Company Challenging Offshore Drilling Moratorium Moved Overseas to Avoid U.S. Taxes
From Facing South, the online magazine of the Institute for Southern Studies.
The Obama administration this week issued a new moratorium on offshore drilling in the Gulf of Mexico after a federal appeals court rejected an earlier version.
But the new policy could face a challenge from a lawsuit filed last week by Ensco plc — a firm that recently moved its headquarters from Dallas to London in order to avoid U.S. taxes.
On Monday, the Interior Department issued a new suspension of deepwater drilling until November to provide time to implement safety reforms. The policy also requires operators to submit evidence they can respond effectively to any spills.
“More than eighty days into the BP oil spill, a pause on deepwater drilling is essential and appropriate to protect communities, coasts, and wildlife from the risks that deepwater drilling currently pose,” said Interior Secretary Ken Salazar. “I am basing my decision on evidence that grows every day of the industry’s inability in the deepwater to contain a catastrophic blowout, respond to an oil spill, and to operate safely.”
But Ensco’s lawsuit could present a challenge to the new policy. It claims that Salazar should have issued the new safety requirements through formal rule-making procedures, and it charges Interior with unreasonably delaying permit applications for deepwater as well as shallow water drilling.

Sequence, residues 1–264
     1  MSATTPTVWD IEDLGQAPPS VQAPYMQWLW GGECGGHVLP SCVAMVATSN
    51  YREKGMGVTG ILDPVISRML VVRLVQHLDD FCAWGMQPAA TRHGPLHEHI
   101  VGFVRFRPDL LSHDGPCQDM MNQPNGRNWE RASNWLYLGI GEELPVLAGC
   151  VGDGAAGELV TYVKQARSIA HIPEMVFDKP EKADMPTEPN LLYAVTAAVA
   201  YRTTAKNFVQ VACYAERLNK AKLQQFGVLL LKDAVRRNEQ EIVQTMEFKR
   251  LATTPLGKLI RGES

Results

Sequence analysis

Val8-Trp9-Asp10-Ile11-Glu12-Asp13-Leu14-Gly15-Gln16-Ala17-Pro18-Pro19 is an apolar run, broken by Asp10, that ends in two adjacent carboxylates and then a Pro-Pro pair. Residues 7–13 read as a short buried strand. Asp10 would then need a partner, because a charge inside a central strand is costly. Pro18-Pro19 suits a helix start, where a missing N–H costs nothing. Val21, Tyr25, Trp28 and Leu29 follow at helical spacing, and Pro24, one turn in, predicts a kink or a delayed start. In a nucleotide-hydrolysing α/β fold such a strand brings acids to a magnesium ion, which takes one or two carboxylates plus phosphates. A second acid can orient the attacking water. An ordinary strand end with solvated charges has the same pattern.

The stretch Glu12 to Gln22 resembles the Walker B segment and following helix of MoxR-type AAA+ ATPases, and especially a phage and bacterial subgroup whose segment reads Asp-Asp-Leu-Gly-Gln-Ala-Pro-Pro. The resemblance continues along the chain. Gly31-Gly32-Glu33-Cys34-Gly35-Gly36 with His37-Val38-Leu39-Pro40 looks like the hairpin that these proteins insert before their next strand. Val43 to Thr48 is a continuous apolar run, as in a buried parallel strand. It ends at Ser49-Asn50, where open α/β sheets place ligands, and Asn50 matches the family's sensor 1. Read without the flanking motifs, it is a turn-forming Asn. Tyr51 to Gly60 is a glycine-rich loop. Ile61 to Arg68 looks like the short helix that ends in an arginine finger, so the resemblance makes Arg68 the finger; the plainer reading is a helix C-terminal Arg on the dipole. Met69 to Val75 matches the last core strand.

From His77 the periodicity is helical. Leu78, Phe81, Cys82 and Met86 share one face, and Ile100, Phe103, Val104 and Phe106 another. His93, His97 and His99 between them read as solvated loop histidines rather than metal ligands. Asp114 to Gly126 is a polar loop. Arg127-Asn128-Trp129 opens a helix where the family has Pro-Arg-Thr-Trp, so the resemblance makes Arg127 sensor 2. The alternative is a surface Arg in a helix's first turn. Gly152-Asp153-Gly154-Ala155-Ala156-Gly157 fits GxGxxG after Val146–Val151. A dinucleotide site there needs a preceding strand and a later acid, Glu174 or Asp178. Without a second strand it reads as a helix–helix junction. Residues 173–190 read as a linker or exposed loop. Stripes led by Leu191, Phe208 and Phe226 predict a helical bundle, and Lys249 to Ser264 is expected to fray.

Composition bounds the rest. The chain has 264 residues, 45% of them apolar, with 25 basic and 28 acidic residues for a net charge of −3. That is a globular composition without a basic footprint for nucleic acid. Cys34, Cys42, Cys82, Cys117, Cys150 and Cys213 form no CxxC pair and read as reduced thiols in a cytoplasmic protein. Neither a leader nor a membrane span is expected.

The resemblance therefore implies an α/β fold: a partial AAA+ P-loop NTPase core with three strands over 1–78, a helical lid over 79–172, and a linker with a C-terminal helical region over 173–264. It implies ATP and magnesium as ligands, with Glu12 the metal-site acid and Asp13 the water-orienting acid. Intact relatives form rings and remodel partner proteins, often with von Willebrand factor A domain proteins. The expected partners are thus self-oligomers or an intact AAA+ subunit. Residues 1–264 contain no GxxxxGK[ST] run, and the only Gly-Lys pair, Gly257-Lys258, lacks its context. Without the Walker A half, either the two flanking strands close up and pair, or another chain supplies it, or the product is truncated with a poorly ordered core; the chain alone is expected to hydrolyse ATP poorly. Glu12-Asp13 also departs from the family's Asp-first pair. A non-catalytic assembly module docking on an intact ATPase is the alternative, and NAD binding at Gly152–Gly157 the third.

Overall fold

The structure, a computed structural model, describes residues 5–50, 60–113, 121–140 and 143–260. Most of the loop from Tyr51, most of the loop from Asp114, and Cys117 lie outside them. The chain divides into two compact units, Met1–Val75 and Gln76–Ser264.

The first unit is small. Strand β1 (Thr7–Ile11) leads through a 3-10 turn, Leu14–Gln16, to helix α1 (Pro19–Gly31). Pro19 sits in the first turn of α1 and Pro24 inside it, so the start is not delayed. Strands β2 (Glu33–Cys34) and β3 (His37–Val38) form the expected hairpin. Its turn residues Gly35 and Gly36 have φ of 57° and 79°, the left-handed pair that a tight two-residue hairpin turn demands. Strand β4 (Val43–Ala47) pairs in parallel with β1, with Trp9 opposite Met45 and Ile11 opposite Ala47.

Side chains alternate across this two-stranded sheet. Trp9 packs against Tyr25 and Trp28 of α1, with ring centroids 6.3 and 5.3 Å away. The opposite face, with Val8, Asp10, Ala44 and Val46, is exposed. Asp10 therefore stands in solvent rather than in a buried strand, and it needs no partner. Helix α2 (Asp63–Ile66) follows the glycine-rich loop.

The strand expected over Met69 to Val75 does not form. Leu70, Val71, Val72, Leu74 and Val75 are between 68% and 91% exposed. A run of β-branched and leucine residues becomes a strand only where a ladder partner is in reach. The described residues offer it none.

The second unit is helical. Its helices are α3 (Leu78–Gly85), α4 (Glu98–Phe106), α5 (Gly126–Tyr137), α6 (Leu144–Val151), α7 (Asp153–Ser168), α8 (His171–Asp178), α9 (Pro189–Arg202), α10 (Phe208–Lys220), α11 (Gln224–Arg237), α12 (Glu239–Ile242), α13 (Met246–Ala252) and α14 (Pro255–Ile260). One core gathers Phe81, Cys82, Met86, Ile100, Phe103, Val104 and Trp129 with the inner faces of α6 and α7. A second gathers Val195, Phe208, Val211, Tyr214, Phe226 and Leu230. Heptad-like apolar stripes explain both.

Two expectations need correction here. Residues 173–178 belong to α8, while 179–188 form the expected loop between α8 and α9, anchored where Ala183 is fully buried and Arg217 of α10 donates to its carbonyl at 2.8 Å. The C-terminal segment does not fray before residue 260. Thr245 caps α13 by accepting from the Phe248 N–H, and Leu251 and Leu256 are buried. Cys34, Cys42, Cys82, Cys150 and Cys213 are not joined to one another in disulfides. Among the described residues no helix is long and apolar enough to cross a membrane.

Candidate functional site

While Ensco’s suit references the earlier moratorium rejected by the courts, the rule-making and permit sections could still proceed, the New Orleans Times-Picayune reports. In addition, Ensco could amend or refile its suit to reference the new moratorium.
A month after BP’s Deepwater Horizon rig exploded in the Gulf, killing 11 workers and unleashing an unprecedented gusher of oil, Ensco held a reception in London celebrating the opening of its new global headquarters there.
Last fall, the company — then still in Texas — announced it was moving its headquarters to the United Kingdom in part to cut its tax bill. Ensco’s move is part of a larger trend of U.S. energy service companies relocating overseas, the Wall Street Journal reports:
For smaller companies like Ensco, the exodus of larger rivals made paying U.S. tax rates a potentially greater burden in competing for business. The planned move would allow it to “potentially achieve a global effective tax rate comparable to that of some of Ensco’s global competitors.”
Among the other former U.S. oil industry firms that recently relocated overseas are Halliburton, Weatherford International, Noble Corp. and Transocean, the company that owned the disaster-stricken Deepwater Horizon rig.
While the oil services industry claims the U.S. taxes it at a rate as high as 34 to 38%, Ensco’s chief financial officer told analysts last October that its effective tax rate for the year was only about 18%, according to the WSJ.